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Number of Students Disciplined Dropped Twenty Percent This Year, Mass. State Data Says

Number of Students Disciplined Dropped Twenty Percent This Year, Mass. State Data Says

New state laws that have set out to reduce long-term suspensions have resulted in a twenty percent decrease in the number of students disciplined statewide, says The Boston Globe.

Massachusetts’ efforts echo efforts of states across the country that are seeking to turn to restorative justice as opposed to explosion and suspension disciplinary measures that interfere with a child’s ability to learn.

"Although the rate of overall discipline has dropped, it remains uneven in some school-to-school comparisons. Black, Latino, and poor students continue to receive out-of-school suspensions at higher rates than their white classmates,” The Globe said.

"But education advocates were heartened by the fact that discipline rates for those students declined faster than the state average.”

In order to make the disciplinary changes possible, The Globe says Mass. districts are relying in positive interventions and support systems for disciplined students to ensure that despite being disciplined, they do not fall behind.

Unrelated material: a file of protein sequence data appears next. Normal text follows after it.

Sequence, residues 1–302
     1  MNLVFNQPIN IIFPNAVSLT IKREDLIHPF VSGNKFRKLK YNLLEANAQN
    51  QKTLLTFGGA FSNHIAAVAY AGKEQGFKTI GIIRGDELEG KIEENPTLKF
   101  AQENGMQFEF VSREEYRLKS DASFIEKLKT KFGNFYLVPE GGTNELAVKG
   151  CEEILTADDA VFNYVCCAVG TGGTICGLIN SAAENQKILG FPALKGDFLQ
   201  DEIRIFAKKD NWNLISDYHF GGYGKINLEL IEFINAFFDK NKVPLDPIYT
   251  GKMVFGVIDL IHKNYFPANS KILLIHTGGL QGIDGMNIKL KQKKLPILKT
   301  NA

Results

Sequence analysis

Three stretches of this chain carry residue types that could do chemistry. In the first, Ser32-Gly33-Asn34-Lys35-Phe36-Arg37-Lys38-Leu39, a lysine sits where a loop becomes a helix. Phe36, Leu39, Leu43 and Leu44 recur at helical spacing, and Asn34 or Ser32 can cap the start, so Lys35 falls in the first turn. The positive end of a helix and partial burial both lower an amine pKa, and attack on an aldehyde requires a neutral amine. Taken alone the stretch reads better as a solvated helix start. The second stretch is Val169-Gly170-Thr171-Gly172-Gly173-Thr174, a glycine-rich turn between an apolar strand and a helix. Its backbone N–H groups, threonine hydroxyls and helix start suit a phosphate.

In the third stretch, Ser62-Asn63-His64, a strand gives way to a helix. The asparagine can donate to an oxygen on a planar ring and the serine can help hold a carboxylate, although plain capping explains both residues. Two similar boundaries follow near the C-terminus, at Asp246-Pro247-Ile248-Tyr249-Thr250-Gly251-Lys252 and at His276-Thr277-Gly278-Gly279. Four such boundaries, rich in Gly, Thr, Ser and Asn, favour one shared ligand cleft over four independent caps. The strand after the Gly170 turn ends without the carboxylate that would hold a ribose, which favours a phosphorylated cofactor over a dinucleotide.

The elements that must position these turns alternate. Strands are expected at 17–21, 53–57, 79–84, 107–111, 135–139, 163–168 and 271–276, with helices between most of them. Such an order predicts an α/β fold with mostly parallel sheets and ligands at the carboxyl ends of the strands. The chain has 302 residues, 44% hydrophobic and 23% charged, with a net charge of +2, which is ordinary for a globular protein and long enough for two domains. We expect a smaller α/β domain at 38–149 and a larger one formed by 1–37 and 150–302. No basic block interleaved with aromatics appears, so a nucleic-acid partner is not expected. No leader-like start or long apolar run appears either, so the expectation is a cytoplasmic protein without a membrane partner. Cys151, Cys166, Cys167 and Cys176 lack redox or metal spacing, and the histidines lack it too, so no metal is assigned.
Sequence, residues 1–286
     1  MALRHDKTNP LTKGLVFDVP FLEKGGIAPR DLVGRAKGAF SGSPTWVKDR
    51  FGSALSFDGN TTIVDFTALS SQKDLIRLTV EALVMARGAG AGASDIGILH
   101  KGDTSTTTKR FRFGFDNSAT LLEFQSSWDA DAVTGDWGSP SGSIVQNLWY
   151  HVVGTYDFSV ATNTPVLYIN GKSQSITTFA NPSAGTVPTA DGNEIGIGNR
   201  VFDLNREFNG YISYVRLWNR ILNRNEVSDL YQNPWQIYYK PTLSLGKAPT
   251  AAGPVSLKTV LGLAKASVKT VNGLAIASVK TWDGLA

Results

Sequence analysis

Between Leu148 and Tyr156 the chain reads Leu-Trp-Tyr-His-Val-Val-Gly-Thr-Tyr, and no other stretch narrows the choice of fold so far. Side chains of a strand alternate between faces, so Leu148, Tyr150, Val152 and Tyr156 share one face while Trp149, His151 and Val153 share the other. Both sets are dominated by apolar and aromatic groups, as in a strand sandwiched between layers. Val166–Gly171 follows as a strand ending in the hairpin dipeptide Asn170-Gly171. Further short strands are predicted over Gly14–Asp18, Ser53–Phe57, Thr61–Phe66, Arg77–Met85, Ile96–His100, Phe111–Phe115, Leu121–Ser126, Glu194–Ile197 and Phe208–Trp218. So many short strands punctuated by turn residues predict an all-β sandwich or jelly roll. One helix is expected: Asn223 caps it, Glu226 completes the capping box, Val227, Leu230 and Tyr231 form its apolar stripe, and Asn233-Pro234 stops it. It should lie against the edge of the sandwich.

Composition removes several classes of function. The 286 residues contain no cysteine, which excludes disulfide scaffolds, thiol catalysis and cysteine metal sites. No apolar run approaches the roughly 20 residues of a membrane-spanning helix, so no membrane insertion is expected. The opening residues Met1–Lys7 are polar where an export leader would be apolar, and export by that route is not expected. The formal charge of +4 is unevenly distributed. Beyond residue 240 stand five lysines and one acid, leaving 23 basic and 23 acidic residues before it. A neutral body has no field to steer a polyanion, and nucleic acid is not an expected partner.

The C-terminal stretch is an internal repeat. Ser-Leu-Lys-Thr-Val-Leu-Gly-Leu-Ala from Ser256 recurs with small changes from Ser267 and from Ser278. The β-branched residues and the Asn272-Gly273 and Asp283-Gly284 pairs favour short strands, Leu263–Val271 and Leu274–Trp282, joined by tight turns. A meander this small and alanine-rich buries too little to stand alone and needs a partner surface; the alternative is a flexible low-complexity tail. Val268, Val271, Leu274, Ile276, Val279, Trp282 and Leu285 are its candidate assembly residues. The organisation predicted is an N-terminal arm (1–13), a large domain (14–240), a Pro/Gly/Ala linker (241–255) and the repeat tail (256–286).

"Instead of suspending students, many schools have tried to work with them in the classroom, use peer mediation, small group instruction, one-on-one counseling and provide extra help for teachers,” the article said.

In Boston, the public school spokesman told The Globe that the district is "implementing measures to take before a student has to be suspended,” part of the reason behind rates significantly dropping this year.

But not everyone is optimistic that the reduced suspension rates means more support for students.

"While heartened by the new report, Cregor, of the Lawyers’ Committee for Civil Rights and Economic Justice, said he worries that schools are underreporting discipline, especially emergency removals. That is when a principal removes a student temporarily after he or she is charged with a disciplinary offense because the principal believes the student is dangerous.”

Read the full story.

Article by Nicole Gorman, Education World Contributor


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